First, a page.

0% APR promotional balance transfer offers are the most valuable tools for paying off debt. But just because a cardholder has been approved for one of these offers, and has transferred his or her balance, it doesn’t mean that the debt will automatically go away. The truth is that promotional balance transfers should only be used as a way to eliminate debt, and not just to defer payment.
Create a plan
Credit card users who open up an account with a promotional balance transfer should also create a plan to pay off their debt before the 0% APR rate expires. Start with the existing balance, as well as any balance transfer fees. Most cards have a fee of 3% although the Slate® from Chase is currently the only card with a 0% APR offer, but without a balance transfer fee.
- Chase Slate® named 'Best Credit Card for Balance Transfers' two years in a row, MONEY® Magazine, October 2013, 2014.
- $0 introductory balance transfer fee for transfers made during the first 60 days. After that, the fee for future balance transfers is 3% of the amount transferred with a minimum of $5.
- 0% Introductory APR for 15 months on purchases and balance transfers. After the introductory period ends, a variable APR of 12.99%, 17.99%, or 22.99%.
- $0 Annual Fee
0% for 15 months*
0% for 15 months*
12.99%, 17.99%, or 22.99% Variable*
Next, look at the duration of the balance transfer offer. By law, card issuers have to grant at least six months, and some cards such as the Citi Simplicity® Card have offers that last as long as 18 months. Cardholders can try to divide their entire balance by the number of months in order to determine the amount they should pay every month, but it is not that simple.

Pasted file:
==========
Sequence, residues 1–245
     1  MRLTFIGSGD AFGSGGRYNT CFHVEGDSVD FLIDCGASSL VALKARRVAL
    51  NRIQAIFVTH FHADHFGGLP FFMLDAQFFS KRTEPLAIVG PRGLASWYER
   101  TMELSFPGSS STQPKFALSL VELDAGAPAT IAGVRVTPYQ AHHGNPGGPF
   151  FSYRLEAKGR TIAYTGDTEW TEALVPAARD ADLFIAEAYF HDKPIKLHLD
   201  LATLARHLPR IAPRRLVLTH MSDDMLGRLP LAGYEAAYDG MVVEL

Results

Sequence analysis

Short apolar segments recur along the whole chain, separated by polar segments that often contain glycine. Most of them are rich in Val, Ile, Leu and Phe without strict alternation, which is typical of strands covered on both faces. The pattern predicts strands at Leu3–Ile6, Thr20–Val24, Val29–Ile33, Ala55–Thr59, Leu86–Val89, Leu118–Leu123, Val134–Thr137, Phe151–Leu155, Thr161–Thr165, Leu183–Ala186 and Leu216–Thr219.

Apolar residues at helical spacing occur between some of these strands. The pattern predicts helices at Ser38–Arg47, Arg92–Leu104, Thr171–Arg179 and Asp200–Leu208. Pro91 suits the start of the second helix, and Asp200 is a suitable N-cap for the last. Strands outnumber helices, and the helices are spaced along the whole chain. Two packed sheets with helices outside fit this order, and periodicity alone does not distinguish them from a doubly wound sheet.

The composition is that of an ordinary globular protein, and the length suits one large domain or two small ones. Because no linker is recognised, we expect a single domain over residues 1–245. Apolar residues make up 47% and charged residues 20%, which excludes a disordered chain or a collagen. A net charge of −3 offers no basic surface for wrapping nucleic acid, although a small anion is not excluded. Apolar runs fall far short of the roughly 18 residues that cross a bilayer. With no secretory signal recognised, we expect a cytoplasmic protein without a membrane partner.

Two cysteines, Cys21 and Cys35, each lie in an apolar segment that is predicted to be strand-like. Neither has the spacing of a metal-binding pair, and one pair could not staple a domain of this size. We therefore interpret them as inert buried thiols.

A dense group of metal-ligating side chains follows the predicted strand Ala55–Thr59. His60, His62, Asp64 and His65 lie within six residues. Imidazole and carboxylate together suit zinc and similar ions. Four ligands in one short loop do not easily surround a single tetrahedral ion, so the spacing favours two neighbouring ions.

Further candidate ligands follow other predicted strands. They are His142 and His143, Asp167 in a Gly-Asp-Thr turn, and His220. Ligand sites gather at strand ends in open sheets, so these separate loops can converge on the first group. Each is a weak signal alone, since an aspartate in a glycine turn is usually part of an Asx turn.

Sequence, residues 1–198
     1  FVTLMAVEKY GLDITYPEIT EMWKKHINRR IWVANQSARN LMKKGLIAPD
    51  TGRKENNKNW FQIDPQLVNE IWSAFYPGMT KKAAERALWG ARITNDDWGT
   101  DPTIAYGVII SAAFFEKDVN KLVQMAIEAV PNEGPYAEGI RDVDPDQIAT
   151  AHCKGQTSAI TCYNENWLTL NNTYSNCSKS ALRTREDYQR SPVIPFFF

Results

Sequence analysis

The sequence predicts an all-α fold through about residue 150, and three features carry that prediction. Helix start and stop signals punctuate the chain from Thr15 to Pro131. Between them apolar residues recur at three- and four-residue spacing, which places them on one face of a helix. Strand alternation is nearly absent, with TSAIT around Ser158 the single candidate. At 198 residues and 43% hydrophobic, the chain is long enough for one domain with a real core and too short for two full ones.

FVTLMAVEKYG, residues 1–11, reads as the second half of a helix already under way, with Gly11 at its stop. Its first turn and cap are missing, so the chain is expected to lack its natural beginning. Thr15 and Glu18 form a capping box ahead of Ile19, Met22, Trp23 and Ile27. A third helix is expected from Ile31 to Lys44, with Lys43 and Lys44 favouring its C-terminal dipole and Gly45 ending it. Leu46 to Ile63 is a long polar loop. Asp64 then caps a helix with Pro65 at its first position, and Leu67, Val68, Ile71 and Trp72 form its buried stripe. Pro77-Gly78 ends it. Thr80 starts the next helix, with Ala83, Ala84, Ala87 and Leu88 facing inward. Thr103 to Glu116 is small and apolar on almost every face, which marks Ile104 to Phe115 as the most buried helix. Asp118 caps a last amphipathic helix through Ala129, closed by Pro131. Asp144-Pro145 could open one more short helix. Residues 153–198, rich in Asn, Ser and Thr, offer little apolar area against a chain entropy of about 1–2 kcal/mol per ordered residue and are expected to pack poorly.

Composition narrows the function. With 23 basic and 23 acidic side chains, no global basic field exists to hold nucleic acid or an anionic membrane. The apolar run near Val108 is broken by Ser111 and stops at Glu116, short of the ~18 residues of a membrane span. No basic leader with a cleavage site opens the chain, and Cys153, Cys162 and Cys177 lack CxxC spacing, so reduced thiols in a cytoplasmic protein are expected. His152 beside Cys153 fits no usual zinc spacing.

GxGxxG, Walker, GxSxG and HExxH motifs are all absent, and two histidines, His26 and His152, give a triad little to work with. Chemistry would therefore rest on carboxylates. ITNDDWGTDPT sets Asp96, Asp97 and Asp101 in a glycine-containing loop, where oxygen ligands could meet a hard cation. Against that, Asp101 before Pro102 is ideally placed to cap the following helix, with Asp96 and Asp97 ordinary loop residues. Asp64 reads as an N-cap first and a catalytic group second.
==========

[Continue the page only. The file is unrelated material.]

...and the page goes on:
For example, it may take a few weeks to receive the new card and complete the transfer, so cardholders never really have the full duration of the offer to pay down their debt. Next, cardholders would be wise to simply subtract another month or two from the duration of the offer, just to allow a small margin of error in the event that unforeseen circumstances keep them from paying the planned amount each month.
Sticking to the plan
Once cardholders have a plan for paying off their entire debt, it must be properly executed. For example, making the correct payments each month to pay off the debt in time will not work, unless cardholders avoid using the card for new purchases. Unfortunately, it can be tempting to make new purchases on a card that offers both 0% APR on balance transfers as well as new purchases. If the card is used for new purchases, that amount must also be added to each month’s payment in order to complete the plan. And in addition, the amount of any late fees or foreign transaction fees must also be accounted for.
By using promotional balance transfer offers as part of a comprehensive plan to eliminate debt, cardholders can save money on interest while accomplishing an extremely important goal.